You’d think with a blog called “The Grumpy Contemplative” that I wouldn’t be worried about offending people, but I’m actually a recovering people-pleaser, so one of my hangups in life is that I always want people to like me. The grumpy façade is just my way of faking it until I make it, so to speak. In reality, I know that people sometimes take offense at what I say, do, or believe–I know, because people sometimes tell me, to my face, or via passive-aggressive notes or emails.
It seems like people get offended a lot. And I don’t mean in a “kids these days are too sensitive” kind of way. I mean, it seems that people sometimes go looking to get offended, and some people are at the height of their personal glory when they can stomp around and tell all of us just what it is that’s gotten them upset this time around. Take, for example, Fred–a guy I know (he’s not real)–he gets offended on a regular basis when people go about their business being themselves, especially if they’re not Christian, or if they identify as LGBTQ+, or if they’re anyone other than Fred himself. C’mon, you know a Fred, too, don’t you? Of course you do. Sometimes I find myself being Fred–especially when the guy with the loud truck exhaust system peels down my street when I’m trying to meditate or pray. That guy really brings out the Fred in me, and I can imagine him doing all sorts of mean things, like kicking puppies or tripping old ladies by stealing their walkers.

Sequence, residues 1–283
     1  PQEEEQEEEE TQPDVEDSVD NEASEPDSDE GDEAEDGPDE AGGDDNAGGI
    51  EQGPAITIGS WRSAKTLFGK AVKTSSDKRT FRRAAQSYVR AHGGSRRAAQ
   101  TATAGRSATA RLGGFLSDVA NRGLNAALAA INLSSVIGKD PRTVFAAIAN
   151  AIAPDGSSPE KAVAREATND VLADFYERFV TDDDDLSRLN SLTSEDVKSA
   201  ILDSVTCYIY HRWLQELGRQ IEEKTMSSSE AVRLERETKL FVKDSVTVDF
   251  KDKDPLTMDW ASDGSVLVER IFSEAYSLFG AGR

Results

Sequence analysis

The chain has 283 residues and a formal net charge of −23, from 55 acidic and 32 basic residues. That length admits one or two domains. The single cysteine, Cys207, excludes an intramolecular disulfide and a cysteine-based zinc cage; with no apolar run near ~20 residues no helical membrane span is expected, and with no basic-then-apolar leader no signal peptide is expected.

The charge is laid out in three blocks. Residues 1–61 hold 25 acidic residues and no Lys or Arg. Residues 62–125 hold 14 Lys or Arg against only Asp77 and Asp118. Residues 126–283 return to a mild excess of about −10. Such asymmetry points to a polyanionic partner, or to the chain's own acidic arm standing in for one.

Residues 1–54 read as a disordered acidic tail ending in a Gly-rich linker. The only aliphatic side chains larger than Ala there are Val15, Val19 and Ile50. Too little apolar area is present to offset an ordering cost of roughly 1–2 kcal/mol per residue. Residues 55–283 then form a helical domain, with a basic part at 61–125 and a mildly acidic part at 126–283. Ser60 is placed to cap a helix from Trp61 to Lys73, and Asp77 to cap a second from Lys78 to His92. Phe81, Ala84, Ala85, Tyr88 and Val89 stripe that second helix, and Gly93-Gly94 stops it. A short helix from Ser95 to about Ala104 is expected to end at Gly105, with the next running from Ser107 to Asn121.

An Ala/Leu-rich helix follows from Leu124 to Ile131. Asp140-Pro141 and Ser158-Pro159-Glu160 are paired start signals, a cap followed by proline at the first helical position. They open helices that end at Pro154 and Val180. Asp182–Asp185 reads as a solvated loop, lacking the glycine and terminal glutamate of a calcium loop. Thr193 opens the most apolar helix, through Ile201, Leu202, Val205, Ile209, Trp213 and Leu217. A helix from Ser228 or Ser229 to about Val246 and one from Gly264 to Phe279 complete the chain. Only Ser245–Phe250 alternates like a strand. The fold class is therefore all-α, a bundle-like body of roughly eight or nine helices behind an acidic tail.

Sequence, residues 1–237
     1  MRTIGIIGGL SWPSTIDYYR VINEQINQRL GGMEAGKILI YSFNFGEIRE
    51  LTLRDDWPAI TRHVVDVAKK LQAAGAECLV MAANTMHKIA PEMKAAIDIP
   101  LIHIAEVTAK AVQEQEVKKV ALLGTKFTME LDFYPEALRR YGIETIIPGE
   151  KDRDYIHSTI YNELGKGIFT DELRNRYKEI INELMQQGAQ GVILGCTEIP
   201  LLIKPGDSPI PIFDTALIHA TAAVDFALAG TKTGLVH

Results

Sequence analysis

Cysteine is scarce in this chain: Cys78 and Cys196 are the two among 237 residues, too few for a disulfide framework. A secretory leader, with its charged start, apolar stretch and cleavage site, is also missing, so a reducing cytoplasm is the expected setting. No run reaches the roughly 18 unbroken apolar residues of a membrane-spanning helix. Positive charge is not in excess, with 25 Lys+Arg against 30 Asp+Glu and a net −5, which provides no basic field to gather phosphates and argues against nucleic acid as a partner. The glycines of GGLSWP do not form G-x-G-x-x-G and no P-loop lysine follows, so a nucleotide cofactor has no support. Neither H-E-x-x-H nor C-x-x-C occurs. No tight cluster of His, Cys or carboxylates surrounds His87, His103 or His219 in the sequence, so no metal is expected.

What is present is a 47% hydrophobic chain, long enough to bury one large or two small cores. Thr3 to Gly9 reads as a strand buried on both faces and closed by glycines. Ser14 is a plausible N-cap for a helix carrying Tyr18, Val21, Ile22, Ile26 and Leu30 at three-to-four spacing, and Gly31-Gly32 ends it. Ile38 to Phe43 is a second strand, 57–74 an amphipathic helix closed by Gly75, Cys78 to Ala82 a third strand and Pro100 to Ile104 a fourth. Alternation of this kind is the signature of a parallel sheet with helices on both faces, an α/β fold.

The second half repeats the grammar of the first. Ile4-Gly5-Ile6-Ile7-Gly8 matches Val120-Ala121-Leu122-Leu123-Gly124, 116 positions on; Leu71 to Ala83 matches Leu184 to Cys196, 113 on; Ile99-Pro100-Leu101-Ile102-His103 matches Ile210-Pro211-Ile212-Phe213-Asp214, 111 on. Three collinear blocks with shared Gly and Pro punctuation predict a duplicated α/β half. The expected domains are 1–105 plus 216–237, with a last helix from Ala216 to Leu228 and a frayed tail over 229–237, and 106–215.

Why do we get offended? What makes us shake our fists and say, “Oh, those….” (choose your least favorite group of people)?
I think it’s because so many of us aren’t deeply rooted enough. Either our own spiritual, mental, philosophical, or intellectual roots are too shallow, or they’ve not been cared for and the soil that’s keeping us from blowing away has eroded out from under them. I have found that the more deeply rooted I am in my own beliefs, practices, and traditions, the less likely I am to be offended by others’ beliefs, practices, and traditions. Being deeply rooted gives me a frame of reference from which to begin, and grounds me in something that is bigger than myself, so that I can focus on the humanity of the Other, rather than taking offense at their “otherness.”
So next time you feel yourself getting offended by someone else’s breathing, take a moment to ground yourself in your own breath, and go deeper into your own beliefs than you ever have before. You MIGHT just find something there that can root you so deeply that you aren’t worried that someone else is going to cause your beliefs to slip away, and you might actually enjoy getting to know them and what it is they believe.
Your mileage may vary, but I know what works for me.